For many investors knowing when to buy and when to sell seems to be the most important metric, but there is so much more to investing. Yes, your success and performance is measured by when you get in and out and the numbers they generate, but how we know plays the critical part, for without intricate knowledge of financial products and markets, we would likely not be able to make a full time profession out of trading.
I have been asked many a time, usually by friends or colleagues, on the why I might invest or how do I know that ‘xyz’ stock is likely going to have growth. My answer is almost always research. My day comprises of hours upon hours of reading, it might be financial articles it could be looking and the key numbers, sometimes its comparing competitors. There really is no right or wrong way to do the research its whatever truly works for you. There are certainly guidelines that you can follow, and perhaps I will detail my processes in another blog in the future, but for today, I intend to give you some ideas on where you can find some for your research.
The type of data you look at can depend on the trading you are doing. For example if you are someone who likes emerging technology and are looking for that next big product that goes viral perhaps you will prefer to scour websites such as Gizmodo, TechCrunch, Mashables or even Kickstarter if you are more into private equity investment. These types of sources are plentiful on the internet and most of the time free, though you may pay for a subscription to have some more advance functions they are generally low cost.
As a research type this is really looking for that new start up or the unicorn, naturally being in the world of start-ups you will have more success at finding unicorns if you are in the industry, but if you’re not Gizmodo and the like will suffice. You will need to be aware that when getting lost in these types of websites, that 99% of the information is next to useless, you really are scouring thousands of pages, to find that one unique thing that really stands out. It does consume time, but if I’m honest one of my most successful trades so far, the tip came from these types of sites.
For more most research suites or platforms there is a cost involved, the more up to the minute data you receive the higher the cost. In some instances, the platforms will even give you an edge by helping do the analysis and research for you, with tidy summaries, usually at a premium cost. These much like trading platforms, are just a cost of business and you should consider that as an expense to be profitable in your trading. You do tend to get what you pay for so be weary if you are on a budget.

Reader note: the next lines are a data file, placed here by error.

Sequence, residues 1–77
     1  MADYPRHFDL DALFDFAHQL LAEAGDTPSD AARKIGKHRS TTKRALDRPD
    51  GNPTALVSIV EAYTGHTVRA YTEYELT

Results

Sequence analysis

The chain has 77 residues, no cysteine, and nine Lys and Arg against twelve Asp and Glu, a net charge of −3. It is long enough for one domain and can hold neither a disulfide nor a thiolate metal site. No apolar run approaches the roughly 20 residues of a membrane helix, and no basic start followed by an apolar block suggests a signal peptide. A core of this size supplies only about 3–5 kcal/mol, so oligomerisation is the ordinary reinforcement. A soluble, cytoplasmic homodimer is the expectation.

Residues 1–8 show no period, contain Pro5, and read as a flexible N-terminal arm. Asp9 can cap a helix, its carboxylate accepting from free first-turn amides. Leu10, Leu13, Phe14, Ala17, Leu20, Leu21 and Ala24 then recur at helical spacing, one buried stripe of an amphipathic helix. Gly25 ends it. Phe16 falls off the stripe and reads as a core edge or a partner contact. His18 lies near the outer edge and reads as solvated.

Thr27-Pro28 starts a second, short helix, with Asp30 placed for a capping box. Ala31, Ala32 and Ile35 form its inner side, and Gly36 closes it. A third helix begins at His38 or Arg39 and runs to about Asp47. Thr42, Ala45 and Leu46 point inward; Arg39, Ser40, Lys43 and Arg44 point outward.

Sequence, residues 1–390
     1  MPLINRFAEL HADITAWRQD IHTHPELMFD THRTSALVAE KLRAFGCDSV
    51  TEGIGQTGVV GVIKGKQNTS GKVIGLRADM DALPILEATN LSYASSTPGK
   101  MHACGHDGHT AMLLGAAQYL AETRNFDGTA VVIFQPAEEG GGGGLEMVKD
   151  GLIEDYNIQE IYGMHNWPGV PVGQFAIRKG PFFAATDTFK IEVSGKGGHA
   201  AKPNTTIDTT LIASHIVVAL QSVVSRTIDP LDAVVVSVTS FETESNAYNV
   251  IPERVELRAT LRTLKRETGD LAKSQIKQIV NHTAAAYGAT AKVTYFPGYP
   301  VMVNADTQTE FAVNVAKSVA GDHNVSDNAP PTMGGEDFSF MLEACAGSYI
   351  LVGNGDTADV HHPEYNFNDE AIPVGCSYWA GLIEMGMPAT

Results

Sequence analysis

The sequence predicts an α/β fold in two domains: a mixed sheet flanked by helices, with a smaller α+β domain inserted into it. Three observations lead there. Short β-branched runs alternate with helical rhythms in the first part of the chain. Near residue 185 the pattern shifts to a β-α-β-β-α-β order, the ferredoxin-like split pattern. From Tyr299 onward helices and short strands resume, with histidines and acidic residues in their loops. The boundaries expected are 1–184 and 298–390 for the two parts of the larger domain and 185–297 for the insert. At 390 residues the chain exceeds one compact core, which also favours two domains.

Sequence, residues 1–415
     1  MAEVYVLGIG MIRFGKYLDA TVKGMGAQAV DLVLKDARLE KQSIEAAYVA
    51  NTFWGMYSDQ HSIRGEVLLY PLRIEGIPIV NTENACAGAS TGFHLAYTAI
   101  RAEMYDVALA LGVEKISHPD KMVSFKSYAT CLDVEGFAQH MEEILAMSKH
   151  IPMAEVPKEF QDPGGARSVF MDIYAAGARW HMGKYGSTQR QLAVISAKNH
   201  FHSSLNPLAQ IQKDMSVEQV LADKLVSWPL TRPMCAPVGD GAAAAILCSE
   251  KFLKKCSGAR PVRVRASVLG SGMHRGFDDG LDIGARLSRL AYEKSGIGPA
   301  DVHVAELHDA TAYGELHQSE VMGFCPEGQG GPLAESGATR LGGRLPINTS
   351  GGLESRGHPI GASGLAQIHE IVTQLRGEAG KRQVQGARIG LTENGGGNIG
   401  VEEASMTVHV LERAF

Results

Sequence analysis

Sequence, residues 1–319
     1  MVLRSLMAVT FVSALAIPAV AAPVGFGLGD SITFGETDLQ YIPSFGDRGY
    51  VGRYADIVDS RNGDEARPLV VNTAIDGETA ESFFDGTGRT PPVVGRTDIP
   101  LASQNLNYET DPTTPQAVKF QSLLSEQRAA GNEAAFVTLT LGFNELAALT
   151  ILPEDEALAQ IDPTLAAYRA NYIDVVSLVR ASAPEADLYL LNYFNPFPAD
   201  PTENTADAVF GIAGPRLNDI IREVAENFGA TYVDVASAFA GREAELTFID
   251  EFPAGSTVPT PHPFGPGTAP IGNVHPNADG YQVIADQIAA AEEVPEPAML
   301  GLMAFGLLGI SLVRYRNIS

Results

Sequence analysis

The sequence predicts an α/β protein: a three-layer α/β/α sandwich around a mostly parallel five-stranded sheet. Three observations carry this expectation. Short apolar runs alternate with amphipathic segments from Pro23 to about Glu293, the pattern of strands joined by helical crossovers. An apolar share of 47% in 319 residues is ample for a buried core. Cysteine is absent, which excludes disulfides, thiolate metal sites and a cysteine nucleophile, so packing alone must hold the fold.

There are always the big-name ones like Bloomberg, the Financial Times, the Wall Street Journal, Reuters and I guess CNBC news as well. They provide quality information at a higher cost with some of the packages like a Bloomberg terminal *drool*, but for many the cost of this far exceeds the need. Lucky for us there are more cost savvy versions. Instead of a full-scale Bloomberg Terminal you can subscribe to the professionally written articles instead. In this instance it’s good to try them all out find what floats your boat in terms of cost vs data, does it improve or help you consider your trading ideas? There is no harm in trying the cheaper services out or even using a combination of them.
Again on the freemium side of things there are sites like Seeking Alpha and Market Watch, they are content rich and a free level, but subscribers get a fair bit more. They are good if you are starting out or a seasoned professional, often delivering high quality pieces for you to consider. You could always use the google finance and yahoo finance equivalents, but they are very bare bones in the functionality and the data delivered.
Really the next steps up offer professional advice as a part of the service so the cost starts getting up there, I’d suggest you try a few of these lower cost things first to see what you like before taking the plunge.